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The beauty of this type of transparency compared to the old “single color” version is that you can create smooth, professional buttons that look fantastic when placed over any type of background. Previously, if you had a round button with a shadow that was intended to be placed over a white background, it was not possible to simply change the background color later, as the button would have a irregular white fringe around it and the shadow would continue to fade to white (see example diagram). With PNG transparencies, objects will look correct when placed over anything.
An example of how single color transparencies (left column of buttons) and PNG alpha transparencies (right column) work.
Finally, ProntoProEdit NG can now work with JPG files, and bitmaps from a layout can be saved to disk, an important and basic capability that was strangely absent in previous software versions.
The Five Commandments
Double-clicking on a new button opens the Device Properties’ “Actions” tab, where all operational commands are placed. The two radio buttons on the left select between “Normal Actions” (such as device commands, delays and page jumps) and a “Special Action” (such as activating the backlight, browsing to a previously viewed page, switching to the next device, jumping to the home page or accessing the Tools Menu). It’s impossible to combine a special action with normal commands, or to stack multiple special actions on the same button (such as going back three pages at once). However, the remote does support a nearly unlimited number of normal actions on each button – better known as macros.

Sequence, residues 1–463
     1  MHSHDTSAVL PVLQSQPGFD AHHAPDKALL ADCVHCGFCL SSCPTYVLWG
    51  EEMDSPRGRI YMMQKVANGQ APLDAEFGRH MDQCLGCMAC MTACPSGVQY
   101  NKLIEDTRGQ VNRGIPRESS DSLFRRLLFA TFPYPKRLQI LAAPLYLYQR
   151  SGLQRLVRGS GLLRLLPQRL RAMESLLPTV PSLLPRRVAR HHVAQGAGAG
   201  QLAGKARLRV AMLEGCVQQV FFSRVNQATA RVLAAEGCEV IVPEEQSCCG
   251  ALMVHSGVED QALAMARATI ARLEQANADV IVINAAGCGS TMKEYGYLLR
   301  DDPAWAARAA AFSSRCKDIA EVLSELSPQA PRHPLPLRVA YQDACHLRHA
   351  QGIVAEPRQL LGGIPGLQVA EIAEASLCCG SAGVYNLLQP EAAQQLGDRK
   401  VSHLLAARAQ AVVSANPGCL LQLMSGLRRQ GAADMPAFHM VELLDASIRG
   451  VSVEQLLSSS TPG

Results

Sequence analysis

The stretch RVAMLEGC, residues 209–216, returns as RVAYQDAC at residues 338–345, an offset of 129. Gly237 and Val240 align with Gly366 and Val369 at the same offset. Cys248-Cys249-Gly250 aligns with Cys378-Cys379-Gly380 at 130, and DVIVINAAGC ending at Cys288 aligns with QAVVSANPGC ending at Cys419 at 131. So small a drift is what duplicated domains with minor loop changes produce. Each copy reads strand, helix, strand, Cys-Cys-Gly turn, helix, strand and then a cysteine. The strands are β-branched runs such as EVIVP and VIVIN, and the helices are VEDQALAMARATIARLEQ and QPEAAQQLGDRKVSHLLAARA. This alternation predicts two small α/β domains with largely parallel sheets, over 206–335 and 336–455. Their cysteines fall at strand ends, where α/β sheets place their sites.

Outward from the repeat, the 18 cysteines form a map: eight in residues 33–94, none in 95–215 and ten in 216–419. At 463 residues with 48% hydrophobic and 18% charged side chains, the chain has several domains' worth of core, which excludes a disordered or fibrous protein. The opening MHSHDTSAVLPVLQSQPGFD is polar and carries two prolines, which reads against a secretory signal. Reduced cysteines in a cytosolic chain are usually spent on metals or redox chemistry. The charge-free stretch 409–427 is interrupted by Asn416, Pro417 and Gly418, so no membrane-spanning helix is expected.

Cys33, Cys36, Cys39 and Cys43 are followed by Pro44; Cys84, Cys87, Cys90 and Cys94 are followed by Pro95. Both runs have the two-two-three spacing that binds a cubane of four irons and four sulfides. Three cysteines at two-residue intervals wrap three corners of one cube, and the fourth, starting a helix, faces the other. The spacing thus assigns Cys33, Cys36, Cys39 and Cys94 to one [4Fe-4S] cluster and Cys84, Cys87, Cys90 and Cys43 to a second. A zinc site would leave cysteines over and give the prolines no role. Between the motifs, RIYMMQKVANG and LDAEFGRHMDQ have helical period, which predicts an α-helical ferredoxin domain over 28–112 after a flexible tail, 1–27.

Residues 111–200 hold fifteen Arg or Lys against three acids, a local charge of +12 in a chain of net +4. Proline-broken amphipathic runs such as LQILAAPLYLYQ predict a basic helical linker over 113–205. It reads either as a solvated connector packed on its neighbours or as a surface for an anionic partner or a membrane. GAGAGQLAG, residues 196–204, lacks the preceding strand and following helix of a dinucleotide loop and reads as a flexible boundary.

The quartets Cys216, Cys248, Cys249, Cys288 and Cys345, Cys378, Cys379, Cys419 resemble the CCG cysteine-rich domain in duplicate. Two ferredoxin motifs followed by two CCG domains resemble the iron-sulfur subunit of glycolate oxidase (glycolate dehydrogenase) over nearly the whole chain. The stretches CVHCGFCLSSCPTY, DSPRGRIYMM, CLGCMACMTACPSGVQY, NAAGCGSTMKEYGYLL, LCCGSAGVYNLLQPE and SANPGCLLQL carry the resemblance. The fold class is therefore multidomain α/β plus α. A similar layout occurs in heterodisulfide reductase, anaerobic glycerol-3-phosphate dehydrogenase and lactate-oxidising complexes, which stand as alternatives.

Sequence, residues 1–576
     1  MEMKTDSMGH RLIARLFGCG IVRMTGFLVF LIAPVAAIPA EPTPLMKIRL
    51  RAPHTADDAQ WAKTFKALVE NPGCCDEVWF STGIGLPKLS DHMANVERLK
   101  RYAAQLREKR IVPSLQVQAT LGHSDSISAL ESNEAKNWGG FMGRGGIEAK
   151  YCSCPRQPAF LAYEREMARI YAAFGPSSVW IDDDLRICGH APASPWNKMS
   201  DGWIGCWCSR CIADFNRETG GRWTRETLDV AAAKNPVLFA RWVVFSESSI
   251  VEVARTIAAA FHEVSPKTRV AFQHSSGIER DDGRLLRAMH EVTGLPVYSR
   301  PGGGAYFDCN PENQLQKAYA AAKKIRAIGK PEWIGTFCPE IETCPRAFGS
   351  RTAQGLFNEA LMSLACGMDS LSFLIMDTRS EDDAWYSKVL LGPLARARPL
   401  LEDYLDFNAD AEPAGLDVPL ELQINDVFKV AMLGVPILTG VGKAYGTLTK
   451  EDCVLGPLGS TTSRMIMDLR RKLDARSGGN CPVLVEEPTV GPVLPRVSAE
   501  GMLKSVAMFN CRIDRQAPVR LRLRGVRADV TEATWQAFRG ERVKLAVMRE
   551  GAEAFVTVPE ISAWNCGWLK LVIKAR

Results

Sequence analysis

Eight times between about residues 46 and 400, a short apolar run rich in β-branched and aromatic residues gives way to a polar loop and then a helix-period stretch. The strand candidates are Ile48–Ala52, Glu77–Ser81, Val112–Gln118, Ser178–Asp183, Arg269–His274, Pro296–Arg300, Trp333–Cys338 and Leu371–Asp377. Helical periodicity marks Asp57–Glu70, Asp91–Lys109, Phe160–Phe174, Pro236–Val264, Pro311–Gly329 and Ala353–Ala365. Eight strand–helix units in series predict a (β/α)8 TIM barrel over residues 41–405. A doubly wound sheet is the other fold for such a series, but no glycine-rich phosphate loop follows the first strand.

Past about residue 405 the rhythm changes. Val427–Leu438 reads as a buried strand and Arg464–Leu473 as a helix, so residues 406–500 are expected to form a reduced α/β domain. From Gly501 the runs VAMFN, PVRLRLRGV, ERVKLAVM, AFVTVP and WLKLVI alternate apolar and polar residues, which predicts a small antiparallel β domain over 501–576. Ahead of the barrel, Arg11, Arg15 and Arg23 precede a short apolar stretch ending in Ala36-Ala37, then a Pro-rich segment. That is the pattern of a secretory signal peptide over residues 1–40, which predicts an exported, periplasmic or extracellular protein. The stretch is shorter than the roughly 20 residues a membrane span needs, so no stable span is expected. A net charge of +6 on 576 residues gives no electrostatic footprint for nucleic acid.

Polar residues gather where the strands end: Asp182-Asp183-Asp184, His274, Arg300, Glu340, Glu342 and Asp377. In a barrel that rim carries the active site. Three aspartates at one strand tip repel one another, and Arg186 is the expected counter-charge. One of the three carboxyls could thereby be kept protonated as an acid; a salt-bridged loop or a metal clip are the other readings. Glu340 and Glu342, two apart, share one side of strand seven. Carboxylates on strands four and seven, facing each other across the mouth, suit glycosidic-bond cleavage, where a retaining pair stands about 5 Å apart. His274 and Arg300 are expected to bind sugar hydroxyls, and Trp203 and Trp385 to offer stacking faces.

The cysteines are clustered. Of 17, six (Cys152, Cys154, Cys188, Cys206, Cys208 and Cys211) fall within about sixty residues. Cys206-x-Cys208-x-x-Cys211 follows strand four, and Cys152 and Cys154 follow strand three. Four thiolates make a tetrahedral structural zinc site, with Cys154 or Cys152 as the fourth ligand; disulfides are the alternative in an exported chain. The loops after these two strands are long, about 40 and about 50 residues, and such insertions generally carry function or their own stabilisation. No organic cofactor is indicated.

Along the right side of the screen are five new command types: “Add IR Code”, “Create Link”, “Add Delay”, “Add Beep” and “Create Jump”. Each of these adds a single line, or macro step, to the “Normal Actions” window on the left. The order of commands can be changed at any time via two arrow buttons. On the ProntoPro NG, normal buttons with just one function are still technically macros – just very short ones!
“Easier” by degrees.
When ProntoEdit NG first came out, I commented that it succeeded in making programming the hardware easier in all but two situations: assigning preprogrammed codes and learning infrared commands. Although preprogrammed codes are still tricky to deal with, learning commands have improved.
The “Add IR Code” command merges preprogrammed code selection and learning onto a single screen. If you’re after a database code, select the “IR Code from the Universal Database” radio box followed by the device type, brand and code number from the pull-downs on top, then pick the exact command from a comprehensive list on the right. It’s more difficult to determine the correct code number in ProntoProEdit NG than on the remote, as there are no automated search routines and every button in a device must be assigned individually. A “Test” button can be used to send the selected code through a remote attached to your PC, but that’s only useful if your computer is near the device being programmed.
An example of how screens can be customized with PPENG.